In order to safeguard economic convergence and social security we should make the most of the already existing instruments and principles. The EU budget should continue to provide long-term, predictable and stable investment. Research and innovation, infrastructure and education policies are also key. The role of the cohesion policy in this regard is irreplaceable.
Euro / non-euro Member States relations
A stable and resilient euro area is a prerequisite for a healthy economic environment in the Union as a whole. Any new developments should be designed transparently and kept open to all Member States. The EU institutions, together with the Member States, will facilitate the coexistence between different perspectives within the single institutional framework ensuring consistency, the effective operability of Union mechanisms and the equality of Member States before the Treaties. Respecting the integrity and indivisibility of the Single Market, inclusiveness and openness, fair treatment among all EU Member States, as well as no discrimination based on the currency and respect for the Council’s powers and respect for financial autonomy of all Member States are the overarching principles in the EU economic governance that should strengthen the unity of the European project.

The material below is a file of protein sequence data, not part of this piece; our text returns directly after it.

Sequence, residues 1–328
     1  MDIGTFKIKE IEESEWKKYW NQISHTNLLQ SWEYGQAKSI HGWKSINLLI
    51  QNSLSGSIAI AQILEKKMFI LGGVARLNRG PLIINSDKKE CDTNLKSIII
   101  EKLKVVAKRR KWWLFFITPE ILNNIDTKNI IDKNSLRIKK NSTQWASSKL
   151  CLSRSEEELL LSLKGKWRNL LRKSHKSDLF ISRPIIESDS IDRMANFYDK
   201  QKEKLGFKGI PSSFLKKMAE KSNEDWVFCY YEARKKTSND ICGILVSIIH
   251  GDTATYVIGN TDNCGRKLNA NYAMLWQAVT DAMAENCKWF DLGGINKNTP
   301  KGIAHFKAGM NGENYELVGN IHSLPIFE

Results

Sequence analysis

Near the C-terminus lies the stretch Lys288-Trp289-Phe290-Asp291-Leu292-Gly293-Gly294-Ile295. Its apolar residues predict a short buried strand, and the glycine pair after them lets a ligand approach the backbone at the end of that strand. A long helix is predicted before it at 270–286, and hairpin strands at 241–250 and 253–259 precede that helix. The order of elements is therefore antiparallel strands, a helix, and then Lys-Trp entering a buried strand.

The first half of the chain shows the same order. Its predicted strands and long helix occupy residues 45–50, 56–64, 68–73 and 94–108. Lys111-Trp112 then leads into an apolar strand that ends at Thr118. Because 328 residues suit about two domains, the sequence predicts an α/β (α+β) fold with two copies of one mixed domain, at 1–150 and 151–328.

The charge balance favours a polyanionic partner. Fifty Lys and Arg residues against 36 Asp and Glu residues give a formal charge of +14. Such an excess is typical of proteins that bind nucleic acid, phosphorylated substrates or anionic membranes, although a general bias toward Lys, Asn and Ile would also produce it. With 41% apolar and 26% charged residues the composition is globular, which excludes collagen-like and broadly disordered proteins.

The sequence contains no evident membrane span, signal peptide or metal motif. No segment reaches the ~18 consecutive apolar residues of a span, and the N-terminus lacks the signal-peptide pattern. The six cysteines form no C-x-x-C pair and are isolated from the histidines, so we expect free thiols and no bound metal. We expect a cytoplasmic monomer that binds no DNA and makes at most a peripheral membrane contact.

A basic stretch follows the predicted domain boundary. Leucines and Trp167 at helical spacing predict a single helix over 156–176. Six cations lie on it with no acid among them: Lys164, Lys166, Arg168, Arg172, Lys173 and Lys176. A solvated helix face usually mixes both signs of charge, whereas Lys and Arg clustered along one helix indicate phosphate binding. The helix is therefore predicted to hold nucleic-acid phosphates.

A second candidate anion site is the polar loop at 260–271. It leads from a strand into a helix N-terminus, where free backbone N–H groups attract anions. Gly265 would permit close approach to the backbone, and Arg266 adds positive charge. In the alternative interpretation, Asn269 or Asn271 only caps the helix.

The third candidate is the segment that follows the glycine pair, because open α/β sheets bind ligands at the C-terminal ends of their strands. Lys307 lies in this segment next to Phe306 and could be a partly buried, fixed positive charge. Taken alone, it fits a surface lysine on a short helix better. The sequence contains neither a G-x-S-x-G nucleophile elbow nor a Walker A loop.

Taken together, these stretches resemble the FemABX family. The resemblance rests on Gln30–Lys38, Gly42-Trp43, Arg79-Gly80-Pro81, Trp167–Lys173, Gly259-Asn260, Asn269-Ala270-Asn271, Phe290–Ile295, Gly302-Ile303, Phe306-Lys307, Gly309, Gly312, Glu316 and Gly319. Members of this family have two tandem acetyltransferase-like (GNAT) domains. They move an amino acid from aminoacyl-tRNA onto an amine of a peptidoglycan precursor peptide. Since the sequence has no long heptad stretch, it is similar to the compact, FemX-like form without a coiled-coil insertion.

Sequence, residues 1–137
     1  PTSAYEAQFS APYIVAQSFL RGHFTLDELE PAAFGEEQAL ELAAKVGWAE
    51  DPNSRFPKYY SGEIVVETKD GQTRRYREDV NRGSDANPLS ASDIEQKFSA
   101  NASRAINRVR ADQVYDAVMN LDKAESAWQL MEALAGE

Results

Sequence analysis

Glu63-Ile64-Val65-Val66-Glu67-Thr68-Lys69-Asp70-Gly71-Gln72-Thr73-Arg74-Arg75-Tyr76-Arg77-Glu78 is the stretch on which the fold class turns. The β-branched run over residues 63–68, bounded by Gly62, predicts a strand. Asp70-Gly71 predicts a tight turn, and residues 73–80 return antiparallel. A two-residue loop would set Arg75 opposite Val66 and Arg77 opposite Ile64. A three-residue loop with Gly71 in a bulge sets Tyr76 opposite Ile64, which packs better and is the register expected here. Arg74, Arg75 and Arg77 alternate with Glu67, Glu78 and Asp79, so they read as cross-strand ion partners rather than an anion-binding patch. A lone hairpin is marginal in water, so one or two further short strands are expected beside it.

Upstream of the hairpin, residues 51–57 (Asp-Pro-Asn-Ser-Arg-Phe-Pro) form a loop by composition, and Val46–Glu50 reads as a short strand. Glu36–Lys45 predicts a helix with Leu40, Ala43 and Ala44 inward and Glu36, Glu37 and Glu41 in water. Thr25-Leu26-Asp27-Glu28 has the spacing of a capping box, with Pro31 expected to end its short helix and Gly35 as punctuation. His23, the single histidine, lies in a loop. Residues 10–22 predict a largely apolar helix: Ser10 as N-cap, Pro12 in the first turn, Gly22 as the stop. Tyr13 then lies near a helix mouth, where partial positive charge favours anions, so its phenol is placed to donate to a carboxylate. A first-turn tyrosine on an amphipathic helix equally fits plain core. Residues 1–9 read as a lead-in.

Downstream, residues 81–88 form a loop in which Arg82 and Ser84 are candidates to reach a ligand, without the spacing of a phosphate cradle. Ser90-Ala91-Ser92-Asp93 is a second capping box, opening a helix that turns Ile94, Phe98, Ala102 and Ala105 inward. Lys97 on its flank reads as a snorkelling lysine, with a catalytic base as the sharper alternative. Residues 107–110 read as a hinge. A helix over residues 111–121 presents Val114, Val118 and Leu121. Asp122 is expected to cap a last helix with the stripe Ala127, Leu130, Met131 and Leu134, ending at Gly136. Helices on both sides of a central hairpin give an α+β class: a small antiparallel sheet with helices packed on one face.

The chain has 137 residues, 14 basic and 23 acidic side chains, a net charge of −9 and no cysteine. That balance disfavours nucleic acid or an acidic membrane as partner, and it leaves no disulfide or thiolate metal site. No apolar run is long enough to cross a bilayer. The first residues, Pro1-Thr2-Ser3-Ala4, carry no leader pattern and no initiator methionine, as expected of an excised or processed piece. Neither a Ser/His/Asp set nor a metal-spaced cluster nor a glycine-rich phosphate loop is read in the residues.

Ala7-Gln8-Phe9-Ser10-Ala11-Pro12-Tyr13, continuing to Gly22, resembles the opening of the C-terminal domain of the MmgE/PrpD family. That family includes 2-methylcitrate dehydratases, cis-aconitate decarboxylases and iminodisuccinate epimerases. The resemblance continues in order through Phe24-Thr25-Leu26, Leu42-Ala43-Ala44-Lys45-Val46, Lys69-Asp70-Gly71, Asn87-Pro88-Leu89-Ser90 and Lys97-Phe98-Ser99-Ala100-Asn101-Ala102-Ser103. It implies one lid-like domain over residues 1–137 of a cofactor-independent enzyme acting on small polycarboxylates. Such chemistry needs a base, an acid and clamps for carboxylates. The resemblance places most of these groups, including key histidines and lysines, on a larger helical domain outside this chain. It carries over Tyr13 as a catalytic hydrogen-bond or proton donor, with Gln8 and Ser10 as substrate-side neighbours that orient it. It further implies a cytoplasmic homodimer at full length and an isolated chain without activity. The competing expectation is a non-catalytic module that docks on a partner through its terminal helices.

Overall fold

Citizens feel secure only if they are confident that they live in an area where full control of external borders is ensured and where the relevant authorities have sufficient instruments to protect people from danger. Over the past few months we have made an important progress in protecting the external borders of the EU. Now it is time to return to a proper functioning of the Schengen area. We should make sure that free movement across the EU remains one of our most outstanding achievements appreciated by citizens. Therefore, we have to continue implementing measures that have been adopted in Malta concerning the external dimension of migration policy. At the same time, we believe much more work is needed to be done when it comes to the cooperation in internal security, which is crucial for protecting our people´s lives, most notably from the threat of terrorism.